Billy Ritchie is one of the most interesting Chaplin lookalikes, gaining a certain notoriety for claiming that Chaplin actually copied him. Glaswegian Ritchie claimed that he had been wearing a similar costume for years on stage before Chaplin used it. There is probably some legitimacy to his claim (not to mention a strong possibility that Chaplin & Ritchie were actually related) but truthfully the bowler, cane and moustache were all fairly standard parts of the music hall comic’s attire.
It’s clear that Ritchie’s take on the tramp was a very different animal. While the early Chaplin was given to bouts of violence, Ritchie can be downright hostile! His default expression is a scowl, and he’s generally given to cruder body language, sticking his rear out as he walks. Chaplin’s tramp may have been anti-authoritarian, but Ritchie was an anarchist!
To this day, he has some fierce defenders who feel he was robbed. No doubt, he hasn’t received his due as an original comedian in his own right, but he was never really going to be a timeless performer. Unlike Ritchie, Chaplin developed his character to be not just a suit of funny clothes, but a real human. As a knockabout comedian, Ritchie could be excellent, but he was probably never going to make ‘THE KID’. He certainly wasn’t going to while working in fast-paced, violent comedies for L-KO under the direction of Henry Lehrman.
Lehrman’s penchant for savage knockabout was to be Ritchie’s undoing – one film, POOR POLICY, saw him bizarrely savaged by ostriches, setting off a bout of ill-health ending with his death from stomach cancer in 1921. (I’ve seen this film, and the way he treats the ostriches, I’m not surprised they bit back!)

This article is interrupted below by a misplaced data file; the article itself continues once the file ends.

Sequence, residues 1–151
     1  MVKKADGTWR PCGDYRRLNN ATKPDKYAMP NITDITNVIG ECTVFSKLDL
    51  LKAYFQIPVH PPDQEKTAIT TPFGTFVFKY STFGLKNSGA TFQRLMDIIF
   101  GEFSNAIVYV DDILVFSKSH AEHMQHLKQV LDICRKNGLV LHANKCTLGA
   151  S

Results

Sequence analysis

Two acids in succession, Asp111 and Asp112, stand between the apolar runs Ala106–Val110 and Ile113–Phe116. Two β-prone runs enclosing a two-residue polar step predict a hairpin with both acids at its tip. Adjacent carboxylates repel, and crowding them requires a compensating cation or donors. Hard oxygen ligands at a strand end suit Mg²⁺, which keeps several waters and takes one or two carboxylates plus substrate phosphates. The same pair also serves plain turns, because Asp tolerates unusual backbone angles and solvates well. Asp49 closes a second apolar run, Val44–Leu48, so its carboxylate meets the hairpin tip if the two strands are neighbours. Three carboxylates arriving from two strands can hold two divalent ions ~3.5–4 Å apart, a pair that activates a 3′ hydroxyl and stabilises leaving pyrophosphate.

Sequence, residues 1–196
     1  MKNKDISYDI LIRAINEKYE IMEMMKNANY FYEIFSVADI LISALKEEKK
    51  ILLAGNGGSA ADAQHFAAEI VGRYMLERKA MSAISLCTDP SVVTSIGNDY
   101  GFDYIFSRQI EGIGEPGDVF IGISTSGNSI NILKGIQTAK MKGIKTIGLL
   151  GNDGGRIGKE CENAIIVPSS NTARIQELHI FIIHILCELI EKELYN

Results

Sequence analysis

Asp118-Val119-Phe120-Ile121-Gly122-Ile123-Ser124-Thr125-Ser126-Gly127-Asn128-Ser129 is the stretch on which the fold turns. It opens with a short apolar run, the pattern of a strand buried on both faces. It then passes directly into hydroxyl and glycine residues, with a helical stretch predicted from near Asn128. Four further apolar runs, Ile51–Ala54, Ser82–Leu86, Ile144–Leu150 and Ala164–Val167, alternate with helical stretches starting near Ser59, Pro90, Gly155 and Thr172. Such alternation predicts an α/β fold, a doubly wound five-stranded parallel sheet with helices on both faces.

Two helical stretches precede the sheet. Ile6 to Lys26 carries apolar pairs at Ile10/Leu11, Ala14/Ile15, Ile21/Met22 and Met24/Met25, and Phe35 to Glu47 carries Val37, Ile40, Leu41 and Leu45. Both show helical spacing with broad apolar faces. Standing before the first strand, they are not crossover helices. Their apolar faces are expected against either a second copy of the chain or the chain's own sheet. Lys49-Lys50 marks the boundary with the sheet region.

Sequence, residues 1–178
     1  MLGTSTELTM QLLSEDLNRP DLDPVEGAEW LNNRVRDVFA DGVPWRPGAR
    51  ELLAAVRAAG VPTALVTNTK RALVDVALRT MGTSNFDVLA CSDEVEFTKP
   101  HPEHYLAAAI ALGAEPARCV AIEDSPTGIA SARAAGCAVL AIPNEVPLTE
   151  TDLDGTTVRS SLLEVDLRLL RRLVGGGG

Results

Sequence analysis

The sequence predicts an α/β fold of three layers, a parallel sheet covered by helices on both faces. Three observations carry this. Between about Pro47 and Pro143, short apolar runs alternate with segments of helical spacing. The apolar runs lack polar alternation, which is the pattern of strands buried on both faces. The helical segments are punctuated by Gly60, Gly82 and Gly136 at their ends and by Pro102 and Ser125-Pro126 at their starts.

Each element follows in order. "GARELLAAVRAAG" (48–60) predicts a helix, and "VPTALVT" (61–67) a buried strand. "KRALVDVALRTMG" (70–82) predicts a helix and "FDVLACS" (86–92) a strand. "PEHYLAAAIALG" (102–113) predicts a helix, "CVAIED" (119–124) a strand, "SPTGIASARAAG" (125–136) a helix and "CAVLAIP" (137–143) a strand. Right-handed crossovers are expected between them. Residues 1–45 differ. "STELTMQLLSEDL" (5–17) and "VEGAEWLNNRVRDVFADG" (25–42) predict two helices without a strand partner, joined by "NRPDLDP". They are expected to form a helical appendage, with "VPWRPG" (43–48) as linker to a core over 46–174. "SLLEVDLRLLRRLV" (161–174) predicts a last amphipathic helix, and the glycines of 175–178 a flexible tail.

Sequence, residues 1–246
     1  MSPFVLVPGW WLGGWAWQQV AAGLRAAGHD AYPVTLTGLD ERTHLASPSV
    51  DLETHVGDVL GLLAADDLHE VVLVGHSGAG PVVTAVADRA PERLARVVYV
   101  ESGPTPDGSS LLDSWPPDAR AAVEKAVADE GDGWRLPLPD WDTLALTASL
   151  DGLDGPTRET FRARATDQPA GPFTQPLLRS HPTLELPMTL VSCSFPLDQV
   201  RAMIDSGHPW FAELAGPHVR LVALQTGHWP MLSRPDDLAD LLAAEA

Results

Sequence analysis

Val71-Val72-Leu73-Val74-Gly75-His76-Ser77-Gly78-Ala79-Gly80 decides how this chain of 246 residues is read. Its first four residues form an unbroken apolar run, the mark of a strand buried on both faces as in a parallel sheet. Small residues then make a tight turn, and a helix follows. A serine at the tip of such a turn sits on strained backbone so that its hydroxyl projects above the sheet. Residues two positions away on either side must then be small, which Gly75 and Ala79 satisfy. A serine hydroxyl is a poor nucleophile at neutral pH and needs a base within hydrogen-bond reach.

Here’s Billy in happier times, in ‘ALMOST A SCANDAL’ (1915)
L-KO were also responsible for another Chaplin spin-off. Chai Hong, billed as “The Chinese Charlie Chaplin”, was actually Korean. While it was his Chaplin impersonation in ‘PLAYING MOVIES’ that brought him to attention, this was a one-off. His other films had him playing his own, if stereotypically ‘oriental’ character. He starred in several shorts before disappearing from the screen in the early 20s. Hong later became valet to actor Lew Cody.
While these are examples of outright Chaplin copies, many other performers evoked Chaplin in essence. Monty Banks’ early appearances are extremely Chaplinesque, and Harold Lloyd’s ‘Lonesome Luke’ character was a self-admitted inversion of the Chaplin costume. Crucially, the really gifted comedians realised that imitation proved a blind alley and would forge their own paths into the 1920s.
Even for those not copying Chaplin’s appearance or behaviour, his genius routines and plots would be re-used by many other comics. A few examples among the multitudes: Buster Keaton’s ‘THE ELECTRIC HOUSE’ features a central escalator surely inspired by that in THE FLOORWALKER, Monty Banks revisits ‘EASY STREET’ in ‘PEACEFUL ALLEY’ and Laurel & Hardy rework ‘LAUGHING GAS’ for ‘LEAVE ‘EM LAUGHING’. While these examples all took the material to a new place, sometimes the ‘borrowing’ of ideas was downright brazen. The BFI holds a rare Educational Pictures one-reeler called ‘CUT LOOSE’ (1924) that mimics ONE AM right down to its bizarre selection of stuffed animal props! The star is Phil Dunham, another British comedian, and allegedly a Cambridge graduate. Dunham remained busy at Educational, and in small parts elsewhere well into the sound era.
Today it’s easy to sneer at the unoriginality of the copycats in the shadows of Chaplin’s genius, but the picture was more complex than this. For struggling vaudeville and film performers, money had to take precedence over artistic integrity and a good Chaplin impersonation meant money. There were many good comedians among the impersonators, many of them still funny today. If nothing else, they provide a fascinating sidelight to Chaplin’s story, and remind us just how special the man himself was.
Speaking of which, here he is at his best!